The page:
Effects of a Food Preservative on Glucose Homeostasis
|Overweight||Other: benzoate containing test drinks Other: non sodium benzoate containing test drinks|
|Study Design:||Allocation: Randomized
Intervention Model: Crossover Assignment
Masking: Double Blind (Participant, Care Provider, Investigator)
Primary Purpose: Prevention
|Official Title:||Effects of a Food Preservative on Glucose Homeostasis|
- Blood glucose area under the curve (AUC) [ Time Frame: 120 minutes post ingestion ]Plasma glucose will be measured at baseline, 15, 30, 45, 60, 90, and 120 minutes post ingestion of each test solution, and area under the curve will be calculated.
- Insulin AUC [ Time Frame: 120 minutes ]Serum Insulin will be measured at baseline, 15, 30, 45, 60, 90, and 120 minutes post ingestion of each test solution, and area under the curve will be calculated.
- Glucagon AUC [ Time Frame: 120 minutes ]Plasma Glucagon will be measured at baseline, 15, 30, 45, 60, 90, and 120 minutes post ingestion of each test solution, and area under the curve will be calculated.
- Metabolite Profiles [ Time Frame: 120 minutes ]Metabolite analysis will be performed on blood samples at baseline, 15, 30, 45, 60, 90, and 120 minutes post ingestion of each test solution, and area under the curve will be calculated.
|Study Start Date:||August 2010|
|Study Completion Date:||December 2011|
|Primary Completion Date:||August 2011 (Final data collection date for primary outcome measure)|
|Experimental: sodium benzoate containing||
Other: benzoate containing test drinks
Subjects will consume 500ml of water with 0.5 grams of sodium benzoate, followed by a solution of 75g sugar in 500ml water with 0.5 grams sodium benzoate 3 hours later.
Each solution will be consumed over 5 minutes.
|Active Comparator: non sodium benzoate containing||
Other: non sodium benzoate containing test drinks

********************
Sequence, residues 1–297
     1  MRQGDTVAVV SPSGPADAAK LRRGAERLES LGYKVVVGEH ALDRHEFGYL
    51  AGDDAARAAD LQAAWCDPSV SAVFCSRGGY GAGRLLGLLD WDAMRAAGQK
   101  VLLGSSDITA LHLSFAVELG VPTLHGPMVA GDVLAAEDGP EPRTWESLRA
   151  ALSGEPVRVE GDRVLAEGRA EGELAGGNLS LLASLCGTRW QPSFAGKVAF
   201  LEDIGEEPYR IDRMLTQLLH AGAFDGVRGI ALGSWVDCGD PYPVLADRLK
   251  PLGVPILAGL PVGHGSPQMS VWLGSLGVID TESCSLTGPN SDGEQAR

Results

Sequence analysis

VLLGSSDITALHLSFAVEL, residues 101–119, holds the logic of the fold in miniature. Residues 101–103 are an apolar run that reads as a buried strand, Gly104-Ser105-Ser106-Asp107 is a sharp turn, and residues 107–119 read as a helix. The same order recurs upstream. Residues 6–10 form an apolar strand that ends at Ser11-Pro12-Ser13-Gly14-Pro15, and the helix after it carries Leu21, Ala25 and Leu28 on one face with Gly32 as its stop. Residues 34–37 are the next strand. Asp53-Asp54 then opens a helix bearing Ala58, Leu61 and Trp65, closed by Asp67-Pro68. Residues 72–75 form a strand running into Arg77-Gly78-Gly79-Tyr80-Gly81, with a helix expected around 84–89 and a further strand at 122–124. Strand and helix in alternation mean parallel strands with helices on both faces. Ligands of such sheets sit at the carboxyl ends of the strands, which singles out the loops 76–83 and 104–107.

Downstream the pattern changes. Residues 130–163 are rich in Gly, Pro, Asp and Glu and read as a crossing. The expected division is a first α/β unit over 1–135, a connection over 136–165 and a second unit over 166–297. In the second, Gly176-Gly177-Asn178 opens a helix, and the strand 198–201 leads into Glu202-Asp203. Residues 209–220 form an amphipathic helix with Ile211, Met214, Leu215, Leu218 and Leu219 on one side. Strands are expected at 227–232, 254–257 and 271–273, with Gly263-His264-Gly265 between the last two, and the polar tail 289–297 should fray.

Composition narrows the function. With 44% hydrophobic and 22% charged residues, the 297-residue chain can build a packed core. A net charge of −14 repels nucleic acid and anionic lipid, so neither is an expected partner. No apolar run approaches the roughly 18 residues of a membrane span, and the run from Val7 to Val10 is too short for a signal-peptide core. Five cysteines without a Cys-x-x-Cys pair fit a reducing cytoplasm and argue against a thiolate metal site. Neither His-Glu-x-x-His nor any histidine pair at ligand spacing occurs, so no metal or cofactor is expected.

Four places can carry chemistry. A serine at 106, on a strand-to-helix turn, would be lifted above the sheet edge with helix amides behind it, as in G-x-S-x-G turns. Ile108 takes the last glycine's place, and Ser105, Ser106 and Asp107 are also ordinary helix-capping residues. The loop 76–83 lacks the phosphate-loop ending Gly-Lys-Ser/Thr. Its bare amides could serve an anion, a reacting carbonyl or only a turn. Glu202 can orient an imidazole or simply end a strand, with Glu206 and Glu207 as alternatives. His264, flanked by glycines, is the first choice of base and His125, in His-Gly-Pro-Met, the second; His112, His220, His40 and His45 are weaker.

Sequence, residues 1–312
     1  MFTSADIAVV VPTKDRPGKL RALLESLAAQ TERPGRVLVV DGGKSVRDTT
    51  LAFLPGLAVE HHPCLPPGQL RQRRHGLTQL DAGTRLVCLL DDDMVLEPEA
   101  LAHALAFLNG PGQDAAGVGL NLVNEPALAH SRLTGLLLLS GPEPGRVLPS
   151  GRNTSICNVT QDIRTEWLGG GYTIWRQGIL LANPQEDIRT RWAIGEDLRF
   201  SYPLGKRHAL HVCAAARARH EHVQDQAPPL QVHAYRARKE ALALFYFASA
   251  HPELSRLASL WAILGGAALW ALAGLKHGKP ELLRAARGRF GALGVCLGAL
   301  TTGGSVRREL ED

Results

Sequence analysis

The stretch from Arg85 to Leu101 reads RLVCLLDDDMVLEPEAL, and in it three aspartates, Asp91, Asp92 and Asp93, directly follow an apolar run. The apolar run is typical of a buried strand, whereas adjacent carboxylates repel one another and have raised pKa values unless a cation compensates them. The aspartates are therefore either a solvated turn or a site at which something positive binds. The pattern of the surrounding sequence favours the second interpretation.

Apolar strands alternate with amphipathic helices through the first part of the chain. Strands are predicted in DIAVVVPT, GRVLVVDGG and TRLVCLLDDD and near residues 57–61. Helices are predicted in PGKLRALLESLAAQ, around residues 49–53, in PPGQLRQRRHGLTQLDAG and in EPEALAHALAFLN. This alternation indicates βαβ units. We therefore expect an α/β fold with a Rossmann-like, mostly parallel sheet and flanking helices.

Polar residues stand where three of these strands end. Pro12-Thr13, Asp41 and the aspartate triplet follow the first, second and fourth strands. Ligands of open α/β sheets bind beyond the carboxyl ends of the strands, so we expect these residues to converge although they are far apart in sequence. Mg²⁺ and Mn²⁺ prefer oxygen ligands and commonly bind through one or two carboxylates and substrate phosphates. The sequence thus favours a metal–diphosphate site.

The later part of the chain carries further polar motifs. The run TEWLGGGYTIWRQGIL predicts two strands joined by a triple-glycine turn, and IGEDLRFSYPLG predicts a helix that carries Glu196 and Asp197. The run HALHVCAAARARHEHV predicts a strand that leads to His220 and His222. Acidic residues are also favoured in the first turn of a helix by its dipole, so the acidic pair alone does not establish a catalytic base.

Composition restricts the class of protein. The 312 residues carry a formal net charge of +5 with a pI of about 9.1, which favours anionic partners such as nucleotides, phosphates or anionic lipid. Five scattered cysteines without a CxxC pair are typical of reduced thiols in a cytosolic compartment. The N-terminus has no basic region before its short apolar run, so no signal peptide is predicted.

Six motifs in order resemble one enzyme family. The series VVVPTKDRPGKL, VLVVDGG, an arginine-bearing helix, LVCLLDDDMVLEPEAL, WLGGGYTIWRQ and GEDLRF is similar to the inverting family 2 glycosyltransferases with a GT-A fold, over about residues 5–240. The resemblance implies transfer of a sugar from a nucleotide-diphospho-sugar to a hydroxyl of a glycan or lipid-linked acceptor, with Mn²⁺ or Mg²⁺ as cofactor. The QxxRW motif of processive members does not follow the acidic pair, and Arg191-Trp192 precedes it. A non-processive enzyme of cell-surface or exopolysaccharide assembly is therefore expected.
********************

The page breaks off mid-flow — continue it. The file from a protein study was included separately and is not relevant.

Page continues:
Subjects will consume 500ml of water followed by a solution of 75g sugar in 500ml water 3 hours later.
Each solution will be consumed over 5 minutes.
Soft drink consumption has been repeatedly implicated in the development of type 2 diabetes (T2DM). Interestingly, epidemiology studies have yielded inconsistent results. Some studies identify sugar-sweetened beverages as the culprit, whereas others point towards artificially-sweetened beverages. Beyond differences in methodology, these conflicting reports raise the question whether another ingredient common to both sugar and artificially-sweetened soft drinks, such as a preservative, might play a role.
Benzoate salts are widely used preservatives in products such as sodas, canned goods, and pharmaceuticals. Interestingly, there is published evidence that sodium benzoate and its metabolite hippurate can affect pancreatic islet function and impair glucose tolerance. However, the effects of oral sodium benzoate at concentrations typically used in our diet on glucose homeostasis have not been systematically studied. Here, we propose to close this knowledge gap.
We will recruit 15 healthy, overweight volunteers, age 18-35. Each subject will receive 4 interventions: an oral glucose challenge 1) with and 2) without 0.1% benzoic acid, and a drink of water 3) with and 4) without 0.1% benzoic acid. Blood samples will be analyzed for glucose, insulin, glucagon, and a panel of approximately 300 different metabolites at baseline and serially for 2 hours after each intervention. Factorial analysis of variance will be performed to determine the effects of benzoic acid in the presence and absence of glucose, and interactions between glucose and benzoate. The planned sample size of 15 will provide 80% power to detect an effect-size of 0.16 standard-deviations in outcome measures, and an interaction-effect of 0.33 standard-deviations, with a critical value p=0.05.
If we find through this study that sodium benzoate significantly affects glucose tolerance, the public health implications would be great. High level, frequent consumption might cause diseases associated with insulin resistance, chiefly T2DM. Furthermore, its presence in OGTT testing solutions could provide misleading results.
Please refer to this study by its ClinicalTrials.gov identifier: NCT01179945
|United States, Massachusetts|
|Massachusetts General Hospital|
|Boston, Massachusetts, United States, 02101|
|Boston, Massachusetts, United States, 02115|
|Principal Investigator:||David S Ludwig, MD, PhD||Boston Children’s Hospital|
|Principal Investigator:||Vamsi Mootha, MD||Massachusetts General Hospital|
|Study Director:||Belinda S Lennerz, MD, PhD||Boston Children’s Hospital|
|Study Director:||Scott Vafai, MD||Massachusetts General Hospital|